The in vitro study, published in Phytomedicine, confirmed that post-digestion, extracts of the phytochemical rich drink shows protective effects for dementia, and could play an important role in protecting the body against cancer.
The researchers investigated whether the protective properties of green tea – which have previously been shown to be present in the undigested, freshly brewed form of the drink – were still ‘active’ once the drink had been digested.
Lead researcher Dr Ed Okello from Newcastle University, U.K.said that just because a consumed food is generally accepted to contain health-boosting properties; it should not be assumed that such compounds will ever be absorbed in the body.
“What was really exciting about this study was that we found when green tea is digested by enzymes in the gut, the resulting chemicals are actually more effective against key triggers of Alzheimer's development than the undigested form of the tea,” explained Okello
“In addition to this, we also found the digested compounds had anti-cancer properties, significantly slowing down the growth of the tumour cells which we were using in our experiments,” added Okello.
Alzheimer's disease – the most common form of dementia – is a progressive and irreversible neurodegenerative disorder associated with cognitive dysfunction.
The authors noted that “mounting evidence” suggests that beta-amyloid peptides in conjunction with free radical species (such as hydrogen peroxide) in the brain play a significant role in the development and pathogenesis of Alzheimer's.
Many previous studies, have suggested that both black and green teas possess protective properties, which have been mainly attributed to their polyphenol content.
Green tea is high in flavan-3-ols, which are believed to be efficient scavengers of highly reactive free radical species, and have been shown to exhibit anti-carcinogenic; hypocholesterolaemic and neuroprotective properties in previous research.
Okello said that although research has identified certain compounds as beneficial for health, and in many cases has identified foods with high concentrations of such compounds, he explained that “what happens during the digestion process is crucial to whether these foods are actually doing us any good.”
“Flavan-3-ols have been reported to possess properties beneficial to health, [but] they are known to undergo significant metabolism and conjugation in the gastrointestinal tract,” said the researchers.
“It is unknown how such metabolism and conjugation may influence the putative properties of these polyphenols, hence the focus of our study on a digested green tea extract,” they explained.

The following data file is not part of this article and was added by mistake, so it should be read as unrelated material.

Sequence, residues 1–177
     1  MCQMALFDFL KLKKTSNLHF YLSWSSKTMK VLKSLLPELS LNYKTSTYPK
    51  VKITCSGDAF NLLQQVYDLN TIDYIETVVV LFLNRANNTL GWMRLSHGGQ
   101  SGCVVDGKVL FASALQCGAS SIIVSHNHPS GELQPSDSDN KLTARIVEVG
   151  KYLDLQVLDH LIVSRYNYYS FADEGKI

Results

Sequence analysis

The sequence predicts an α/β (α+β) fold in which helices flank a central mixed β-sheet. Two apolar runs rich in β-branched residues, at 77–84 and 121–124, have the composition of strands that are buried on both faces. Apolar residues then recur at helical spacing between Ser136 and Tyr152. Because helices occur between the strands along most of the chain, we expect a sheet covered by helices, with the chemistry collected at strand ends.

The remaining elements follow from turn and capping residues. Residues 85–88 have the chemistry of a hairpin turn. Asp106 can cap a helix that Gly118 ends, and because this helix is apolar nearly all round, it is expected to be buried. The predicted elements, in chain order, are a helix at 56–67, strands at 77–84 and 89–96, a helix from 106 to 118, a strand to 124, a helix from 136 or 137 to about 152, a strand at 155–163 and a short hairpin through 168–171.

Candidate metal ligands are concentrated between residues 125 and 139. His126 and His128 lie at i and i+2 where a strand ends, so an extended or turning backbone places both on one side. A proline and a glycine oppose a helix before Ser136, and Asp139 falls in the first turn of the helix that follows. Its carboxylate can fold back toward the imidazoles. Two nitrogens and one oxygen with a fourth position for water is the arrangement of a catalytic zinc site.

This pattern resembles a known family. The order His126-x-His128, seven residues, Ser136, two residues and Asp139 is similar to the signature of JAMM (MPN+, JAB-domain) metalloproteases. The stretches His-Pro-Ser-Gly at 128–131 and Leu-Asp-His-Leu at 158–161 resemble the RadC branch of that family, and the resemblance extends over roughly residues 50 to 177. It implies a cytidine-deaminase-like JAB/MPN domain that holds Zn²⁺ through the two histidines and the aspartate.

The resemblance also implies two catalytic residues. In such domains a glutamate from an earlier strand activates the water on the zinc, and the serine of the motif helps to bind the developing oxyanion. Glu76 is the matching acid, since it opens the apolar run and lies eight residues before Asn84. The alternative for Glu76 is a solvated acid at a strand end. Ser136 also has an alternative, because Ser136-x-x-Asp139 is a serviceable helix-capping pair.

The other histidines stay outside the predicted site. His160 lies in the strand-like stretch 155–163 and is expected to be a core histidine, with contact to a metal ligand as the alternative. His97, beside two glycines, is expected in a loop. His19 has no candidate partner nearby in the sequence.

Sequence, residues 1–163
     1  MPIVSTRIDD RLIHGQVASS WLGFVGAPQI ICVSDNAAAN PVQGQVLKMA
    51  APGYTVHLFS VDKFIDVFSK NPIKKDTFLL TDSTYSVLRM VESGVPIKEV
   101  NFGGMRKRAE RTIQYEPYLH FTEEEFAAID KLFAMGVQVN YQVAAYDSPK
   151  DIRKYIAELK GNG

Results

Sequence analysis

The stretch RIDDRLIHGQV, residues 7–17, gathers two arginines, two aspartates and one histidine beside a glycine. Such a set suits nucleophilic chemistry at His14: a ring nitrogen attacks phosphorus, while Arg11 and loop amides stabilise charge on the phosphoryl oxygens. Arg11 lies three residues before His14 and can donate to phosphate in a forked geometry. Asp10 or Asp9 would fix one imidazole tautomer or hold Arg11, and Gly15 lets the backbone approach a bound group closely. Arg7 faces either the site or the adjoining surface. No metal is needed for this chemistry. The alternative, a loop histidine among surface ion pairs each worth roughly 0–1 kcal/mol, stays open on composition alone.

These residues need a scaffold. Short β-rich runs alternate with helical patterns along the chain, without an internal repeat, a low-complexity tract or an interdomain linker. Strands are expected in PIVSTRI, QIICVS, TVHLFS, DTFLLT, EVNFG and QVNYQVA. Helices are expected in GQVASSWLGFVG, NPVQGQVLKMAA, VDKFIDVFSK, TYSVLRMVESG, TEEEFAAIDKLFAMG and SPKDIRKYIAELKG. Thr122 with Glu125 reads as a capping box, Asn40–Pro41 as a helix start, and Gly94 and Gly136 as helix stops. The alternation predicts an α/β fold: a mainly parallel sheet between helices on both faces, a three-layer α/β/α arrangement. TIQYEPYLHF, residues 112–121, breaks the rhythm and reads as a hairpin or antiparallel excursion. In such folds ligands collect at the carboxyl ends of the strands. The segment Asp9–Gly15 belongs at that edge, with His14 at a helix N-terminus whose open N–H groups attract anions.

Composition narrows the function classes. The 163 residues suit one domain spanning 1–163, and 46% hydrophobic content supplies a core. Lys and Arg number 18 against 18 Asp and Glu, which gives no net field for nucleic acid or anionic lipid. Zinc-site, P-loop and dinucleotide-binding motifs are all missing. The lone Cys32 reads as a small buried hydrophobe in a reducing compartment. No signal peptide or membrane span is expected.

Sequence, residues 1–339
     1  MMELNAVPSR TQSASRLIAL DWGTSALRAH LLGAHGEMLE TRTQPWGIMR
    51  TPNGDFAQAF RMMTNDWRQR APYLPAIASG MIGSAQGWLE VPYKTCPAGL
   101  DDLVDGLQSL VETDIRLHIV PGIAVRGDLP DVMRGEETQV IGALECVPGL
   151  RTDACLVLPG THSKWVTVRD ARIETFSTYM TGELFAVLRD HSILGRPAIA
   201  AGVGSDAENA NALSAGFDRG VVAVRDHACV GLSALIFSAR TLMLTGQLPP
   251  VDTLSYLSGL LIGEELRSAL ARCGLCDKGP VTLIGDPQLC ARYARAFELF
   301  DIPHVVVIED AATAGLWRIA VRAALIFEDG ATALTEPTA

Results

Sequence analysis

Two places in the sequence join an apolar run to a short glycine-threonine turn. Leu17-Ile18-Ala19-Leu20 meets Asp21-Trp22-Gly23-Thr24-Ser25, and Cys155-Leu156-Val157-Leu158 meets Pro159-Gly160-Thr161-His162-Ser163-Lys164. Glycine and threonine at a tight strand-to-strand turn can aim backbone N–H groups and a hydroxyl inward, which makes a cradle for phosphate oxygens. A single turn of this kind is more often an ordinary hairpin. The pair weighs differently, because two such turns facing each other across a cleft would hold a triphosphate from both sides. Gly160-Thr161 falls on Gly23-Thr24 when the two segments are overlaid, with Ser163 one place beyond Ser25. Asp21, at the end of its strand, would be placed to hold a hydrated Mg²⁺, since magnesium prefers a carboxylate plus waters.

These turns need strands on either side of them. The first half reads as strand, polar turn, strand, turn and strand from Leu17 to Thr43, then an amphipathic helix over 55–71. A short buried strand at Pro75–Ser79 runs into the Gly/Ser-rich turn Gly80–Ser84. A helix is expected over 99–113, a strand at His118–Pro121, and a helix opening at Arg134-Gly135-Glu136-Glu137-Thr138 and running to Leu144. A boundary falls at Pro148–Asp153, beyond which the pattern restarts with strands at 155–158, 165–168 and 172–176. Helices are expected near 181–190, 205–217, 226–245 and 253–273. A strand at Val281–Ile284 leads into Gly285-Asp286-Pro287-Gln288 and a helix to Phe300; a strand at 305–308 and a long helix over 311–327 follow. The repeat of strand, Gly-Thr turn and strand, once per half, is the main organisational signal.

Green tea extract – from brewed Temple of Heaven, Gunpowder China tea, purchased by the researchers from a local store – was subjected to a simulated gastrointestinal digestion and a ‘colon-available’ extract (CAGTE) was prepared and assessed for its potential protective effects against the damaging effects of hydrogen peroxide and beta-amyloid on neuronal cells in the brain – which are believed to play a role in the development of dementia.
The CAGTE, which represents green tea phytochemicals potentially available after upper gastrointestinal digestion, was found to be depleted in flavan-3-ols when compared to the pre-digested green tea extract; yet was still found to protect cells in a brain neurone model from both hydrogen peroxide and beta-amyloid toxicity.
“At high concentrations, CAGTE exhibited direct anti-proliferative effects, in line with the reputed anti-cancer properties of green tea polyphenols,” wrote the authors.
“The CAGTE, which effectively lacked flavan-3-ols, had a protective effect on beta-amyloid induced toxicity in vitro at 0.03–0.125 μg/ml … This figure is much lower than the 20 μg/ml reported for effective protection in whole green tea extracts,” said the researchers.
“Green tea has been used in Traditional Chinese medicine for centuries and what we have here provides the scientific evidence why it may be effective against some of the key diseases we face today,” said Okello.
He said that the next step in the research is to investigate whether the beneficial compounds found in the digestion model are produced during digestion in human volunteers that consume green tea polyphenols – for which the team has already secured funding from the Biotechnology and Biological Sciences Research Council (BBSRC).
Published online ahead of print, doi: 10.1016/j.phymed.2010.11.004
“In vitro protective effects of colon-available extract of Camellia sinensis (tea) against hydrogen peroxide and beta-amyloid (Aβ(1–42)) induced cytotoxicity in differentiated PC12 cells”
Authors: E.J. Okello, G.J. McDougall, S. Kumar, C.J. Seal